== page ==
Joe Burns' disappointing form continued at the Adelaide Oval as he departed to the pavilion after scoring eight runs. Burns toiled for 40 deliveries in the middle before an unlucky dismissal.
The Aussies asked for a review only to learn that the ball had just kissed the leg-stump. Since the on-field umpire declared Burns out, the original decision stood. Former Indian batsman Aakash Chopra gave his views on that DRS and told ESPNCricinfo:
"I was not watching that in real-time. So, I walked into the room, and I saw, 'Okay, there is a DRS.' The only thing I wanted to know was whether umpire had given him out or not out because it was certain that it was going to be the Umpire's Call."
Giving his opinion on whether the 'Umpire's Call' should be a factor in the DRS, Chopra continued:
"Now that Umpire's Call, it is a bit of a whim, actually. I don't like that. You have to decide whether it is out or not out. If it is clipping less than 50%, it is not out. That's it. Period. Burns has every right to be aggrieved."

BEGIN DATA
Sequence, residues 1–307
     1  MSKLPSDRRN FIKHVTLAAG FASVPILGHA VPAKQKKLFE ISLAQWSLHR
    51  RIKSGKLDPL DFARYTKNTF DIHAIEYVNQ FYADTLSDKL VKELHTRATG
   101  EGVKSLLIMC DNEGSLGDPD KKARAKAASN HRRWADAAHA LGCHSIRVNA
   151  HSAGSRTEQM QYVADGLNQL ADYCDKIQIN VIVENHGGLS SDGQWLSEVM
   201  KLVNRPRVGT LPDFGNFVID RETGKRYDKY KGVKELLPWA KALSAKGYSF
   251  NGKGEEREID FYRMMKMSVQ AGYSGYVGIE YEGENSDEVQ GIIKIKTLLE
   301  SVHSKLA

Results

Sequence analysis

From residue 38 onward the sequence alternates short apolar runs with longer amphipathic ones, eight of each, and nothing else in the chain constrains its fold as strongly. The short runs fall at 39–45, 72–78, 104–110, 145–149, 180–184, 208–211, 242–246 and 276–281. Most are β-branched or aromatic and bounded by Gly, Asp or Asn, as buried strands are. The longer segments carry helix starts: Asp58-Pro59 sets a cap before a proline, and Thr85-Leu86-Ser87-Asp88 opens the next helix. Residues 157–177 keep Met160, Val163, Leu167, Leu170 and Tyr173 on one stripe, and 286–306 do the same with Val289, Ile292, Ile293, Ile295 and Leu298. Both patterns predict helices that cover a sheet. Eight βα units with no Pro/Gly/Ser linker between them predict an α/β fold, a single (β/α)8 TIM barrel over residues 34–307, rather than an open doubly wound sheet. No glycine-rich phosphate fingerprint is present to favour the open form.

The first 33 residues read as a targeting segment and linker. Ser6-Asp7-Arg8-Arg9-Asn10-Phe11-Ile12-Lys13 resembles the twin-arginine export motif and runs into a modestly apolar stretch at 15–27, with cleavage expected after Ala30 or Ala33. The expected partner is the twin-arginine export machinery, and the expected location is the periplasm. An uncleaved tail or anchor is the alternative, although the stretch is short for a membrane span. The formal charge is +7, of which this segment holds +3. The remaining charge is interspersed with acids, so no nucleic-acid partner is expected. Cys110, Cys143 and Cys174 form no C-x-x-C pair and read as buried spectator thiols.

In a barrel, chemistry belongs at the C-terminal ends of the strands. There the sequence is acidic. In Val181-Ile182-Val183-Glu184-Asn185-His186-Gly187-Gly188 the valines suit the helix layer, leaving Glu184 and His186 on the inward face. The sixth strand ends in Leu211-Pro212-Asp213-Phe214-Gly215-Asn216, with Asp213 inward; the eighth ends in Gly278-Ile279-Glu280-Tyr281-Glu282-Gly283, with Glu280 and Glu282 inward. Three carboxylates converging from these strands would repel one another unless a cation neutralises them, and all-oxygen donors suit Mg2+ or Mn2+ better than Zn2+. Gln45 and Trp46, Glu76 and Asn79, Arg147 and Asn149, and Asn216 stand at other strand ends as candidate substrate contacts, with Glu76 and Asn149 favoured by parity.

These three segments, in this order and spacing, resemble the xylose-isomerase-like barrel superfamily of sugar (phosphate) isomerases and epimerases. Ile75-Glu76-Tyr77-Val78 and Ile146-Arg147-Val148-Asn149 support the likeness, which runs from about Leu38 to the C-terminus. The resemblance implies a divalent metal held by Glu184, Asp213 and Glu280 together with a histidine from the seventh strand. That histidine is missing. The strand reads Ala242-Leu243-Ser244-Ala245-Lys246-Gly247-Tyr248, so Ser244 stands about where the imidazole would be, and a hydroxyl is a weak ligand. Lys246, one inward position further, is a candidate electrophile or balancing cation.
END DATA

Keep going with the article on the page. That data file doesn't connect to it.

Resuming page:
Aakash Chopra feels that if the on-field umpire had given the decision in Joe Burns' favor, the batsman would have been happy with the DRS Umpire's Call.
How Jasprit Bumrah got the better of Joe Burns in the pink-ball Test
Jasprit Bumrah bowled an excellent first spell at the Adelaide Oval. On the final ball of the 17th over in the Australian innings, Bumrah fired a leg-stump line yorker towards Joe Burns. The delivery hit him on the pads, and the on-field umpire raised his finger.
The Aussies soon reviewed the decision. The ball had pitched in line; even the impact was in line. It seemed like the delivery would miss the leg-stump. However, it trimmed the leg-stump by the barest of margins.
Ultimately, the third umpire could not reverse the decision as the Umpire's Call stood. Joe Burns was visibly disappointed with this development.Published 18 Dec 2020, 15:42 IST